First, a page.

It’s been touch and go for the El Dorado County Fire Protection District over the past two years as a result of budget problems.
But Fire Chief Mike Hardy says they are back on track as they have done what’s needed to ensure the district’s long-term health.
With salaries and benefits making up almost 89 percent of this year’s budget, the biggest part of getting their financial house in order has consisted of reorganizing the district and renegotiating union contracts to bring costs back in line with revenues.
Hardy said those changes actually began last year with a reduction in staff as the district dropped from seven to four chief officers. In addition the district has laid off a full-time maintenance and IT person and reduced a full-time receptionist to part-time.
In addition, all employees began paying 9 percent of their PERs (retirement) for the first time. “In doing those things last year, it set the stage for this year’s contract negotiations,” he said.
New contracts that went into effect Jan. 1 of this year have resulted in further concessions by both the professional firefighters and management, with employees now chipping in an additional 1 percent towards PERs.
With the employees now paying 10 percent of their PERs, it takes some of the burden off the district.
“The firefighters also agreed to eliminate two positions so the district is now down from 17 to 15 positions,” he said. “Apprentices will be allowed to work in those positions until we meet some benchmarks on the budget. The average firefighter, with benefits, costs $110,000 to $120,000 a year, so that’s $240,000 in savings right there.”
Medical benefits were also changed in the new contracts.
“We have three levels,” said Hardy, “Employees only, employee plus one, and family. We belong to PERs and there are five medical benefit plans they can choose from where payments range from $600 a month for an individual to $2,200 for a family.” Deciding to cap the amount the district pays for medical, Hardy said, starting this year the district will pay a maximum of $625 a month for an individual, $1,250 for an employee plus one, and $1,600 a month for a family. Any charge over that amount the employee would have to cover. However, Hardy said that at least two of the five health plans people can choose from are totally covered by what the district will pay in health benefits.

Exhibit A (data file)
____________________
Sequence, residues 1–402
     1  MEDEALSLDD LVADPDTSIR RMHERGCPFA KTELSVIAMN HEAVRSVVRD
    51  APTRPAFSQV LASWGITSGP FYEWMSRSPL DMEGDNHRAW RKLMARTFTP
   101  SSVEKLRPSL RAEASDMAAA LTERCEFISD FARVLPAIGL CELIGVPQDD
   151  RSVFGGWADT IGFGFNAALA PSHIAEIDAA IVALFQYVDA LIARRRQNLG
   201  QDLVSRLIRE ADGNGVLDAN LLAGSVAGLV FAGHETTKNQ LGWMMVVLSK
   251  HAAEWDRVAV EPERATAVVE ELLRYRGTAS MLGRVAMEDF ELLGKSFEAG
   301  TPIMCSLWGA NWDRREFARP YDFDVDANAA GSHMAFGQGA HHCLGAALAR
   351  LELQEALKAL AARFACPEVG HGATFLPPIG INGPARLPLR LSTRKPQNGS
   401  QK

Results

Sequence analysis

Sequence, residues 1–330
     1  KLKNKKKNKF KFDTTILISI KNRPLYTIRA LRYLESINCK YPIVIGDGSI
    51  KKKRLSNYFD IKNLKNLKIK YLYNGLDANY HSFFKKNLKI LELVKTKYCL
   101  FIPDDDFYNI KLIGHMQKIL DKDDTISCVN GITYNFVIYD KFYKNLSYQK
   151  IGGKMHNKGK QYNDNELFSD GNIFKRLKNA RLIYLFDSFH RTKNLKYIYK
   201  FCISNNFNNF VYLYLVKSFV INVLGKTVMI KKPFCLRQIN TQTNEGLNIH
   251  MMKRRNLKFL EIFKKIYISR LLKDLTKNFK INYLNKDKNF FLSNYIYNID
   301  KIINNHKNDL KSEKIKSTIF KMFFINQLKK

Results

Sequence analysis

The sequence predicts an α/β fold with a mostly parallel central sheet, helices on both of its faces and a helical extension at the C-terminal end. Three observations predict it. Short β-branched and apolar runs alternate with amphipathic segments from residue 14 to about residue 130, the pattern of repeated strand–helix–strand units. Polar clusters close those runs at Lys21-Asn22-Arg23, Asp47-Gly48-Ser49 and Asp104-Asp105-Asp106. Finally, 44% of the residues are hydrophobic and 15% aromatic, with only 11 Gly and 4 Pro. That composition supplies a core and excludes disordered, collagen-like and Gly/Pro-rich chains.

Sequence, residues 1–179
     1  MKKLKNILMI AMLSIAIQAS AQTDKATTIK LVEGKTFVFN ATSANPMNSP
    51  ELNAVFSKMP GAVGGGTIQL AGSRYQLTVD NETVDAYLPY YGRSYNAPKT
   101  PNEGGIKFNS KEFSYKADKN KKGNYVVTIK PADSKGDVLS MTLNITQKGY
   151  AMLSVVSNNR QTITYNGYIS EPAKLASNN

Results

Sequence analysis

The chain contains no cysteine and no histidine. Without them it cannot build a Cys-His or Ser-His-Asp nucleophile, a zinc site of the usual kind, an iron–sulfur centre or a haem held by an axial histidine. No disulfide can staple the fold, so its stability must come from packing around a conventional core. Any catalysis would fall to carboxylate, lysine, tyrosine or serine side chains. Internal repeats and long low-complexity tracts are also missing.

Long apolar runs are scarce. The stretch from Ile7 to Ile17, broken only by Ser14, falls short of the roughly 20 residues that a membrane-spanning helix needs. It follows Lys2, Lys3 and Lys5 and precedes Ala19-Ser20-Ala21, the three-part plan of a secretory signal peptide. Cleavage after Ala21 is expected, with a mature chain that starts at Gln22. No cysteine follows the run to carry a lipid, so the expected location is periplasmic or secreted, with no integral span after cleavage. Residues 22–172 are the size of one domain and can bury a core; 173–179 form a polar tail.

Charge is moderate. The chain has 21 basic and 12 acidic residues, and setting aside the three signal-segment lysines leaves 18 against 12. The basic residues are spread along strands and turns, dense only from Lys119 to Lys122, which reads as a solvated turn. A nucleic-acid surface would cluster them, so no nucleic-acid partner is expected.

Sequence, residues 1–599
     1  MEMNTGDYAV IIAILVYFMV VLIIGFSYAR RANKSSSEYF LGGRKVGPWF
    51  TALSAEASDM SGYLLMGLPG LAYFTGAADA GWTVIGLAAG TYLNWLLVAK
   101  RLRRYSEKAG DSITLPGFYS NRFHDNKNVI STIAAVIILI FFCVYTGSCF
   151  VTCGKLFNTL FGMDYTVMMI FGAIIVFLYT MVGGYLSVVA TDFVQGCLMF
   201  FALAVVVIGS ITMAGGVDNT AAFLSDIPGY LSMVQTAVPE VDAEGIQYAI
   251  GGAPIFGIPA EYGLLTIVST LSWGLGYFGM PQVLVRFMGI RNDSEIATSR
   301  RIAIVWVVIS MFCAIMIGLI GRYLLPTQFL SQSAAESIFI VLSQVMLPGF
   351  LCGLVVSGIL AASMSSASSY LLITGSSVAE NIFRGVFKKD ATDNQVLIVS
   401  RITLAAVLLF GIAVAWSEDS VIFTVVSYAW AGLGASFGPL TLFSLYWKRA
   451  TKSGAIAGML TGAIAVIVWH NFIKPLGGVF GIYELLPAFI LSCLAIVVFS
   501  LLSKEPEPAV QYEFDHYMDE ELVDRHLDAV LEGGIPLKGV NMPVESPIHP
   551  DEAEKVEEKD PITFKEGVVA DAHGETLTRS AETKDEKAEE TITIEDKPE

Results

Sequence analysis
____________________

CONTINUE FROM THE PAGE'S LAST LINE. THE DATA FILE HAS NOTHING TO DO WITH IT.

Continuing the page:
“That’s a significant change for everyone, including retirees,” he said. “Up until this point retiree health benefits have been untouchable. Never before did we have to ask retirees to help get the district back on track financially, but this year we did.”
Saying that they have 53 retirees who are affected by the change, Hardy said they were paying $800,000 a year for retiree health care alone.
“So they have had a modest adjustment,” he said, noting that now the district will only pay the same for retirees as it does for its employees. “Before this, the district would pay 100 percent of whatever plan the employee chose, no matter what it cost,” he said.
Another big chunk of savings came from changing how people accrue time. The district has a pretty liberal holiday, vacation and sick leave package, he said. The new contract caps accrual leave for sick and vacation and now everyone receives about a third less accrued time than before. The overtime budget was $750,000 to $800,000 a year,” said Hardy, so reducing the amount of accrual will save considerable money.
“Other fire districts are doing the same things, he said. “It’s something you have to do to manage costs. It was 10 percent of our budget. Our guys get it. It was a concession the employees agreed to. As we get better financially, my goal is to give back what they gave up.”
Hardy said between the two contracts, they will save $700,000 and if they add in the savings from last year, it comes to $1.5 million. “So we’re looking really good,” he added.
Hardy went on to say that what the district has been able to do in the last year has been nothing short of miraculous.
“We haven’t had to lay anyone off. We will have to brown out a station for five months, but employees have stepped up to the plate to make it work. I’m not happy about having to brown out a station. It was a hard choice, but we can’t run out of money. Retirees do have to take a little bit of hit. We value what they have done, but I don’t know any agency where you can get 100 percent of whatever out there. We have thought it through and employees still have choices in plans.
“My vision was to make the district financially whole again and make us survive long-term, regardless if we went to Cal Fire or not. We are setting ourselves up long-term to be successful.”
Noting that the district’s financial condition was not just the result of recent events, Hardy said that 10 years ago it lost 20 percent of its budget when the state shifted a portion of property tax revenues from counties, cities and special districts to the schools. Then in 2006, revenue started to decline because of the property tax decline. “So it’s no wonder we’re fiscally struggling,” he said, adding that the prior administration also didn’t respond quickly enough when there were changes.
Hardy went on to say that he felt “very fortunate to be in the position” he’s in “with a board that’s supportive and a union that understands that we just need to do the tough things. But they are in it for the long haul. I’m confident that we’re going to be healthy financially and operationally in the next couple of years and I look forward to it.”
Contact Dawn Hodson at 530-344-5071 or email@example.com. Follow @DHodsonMtDemo on Twitter.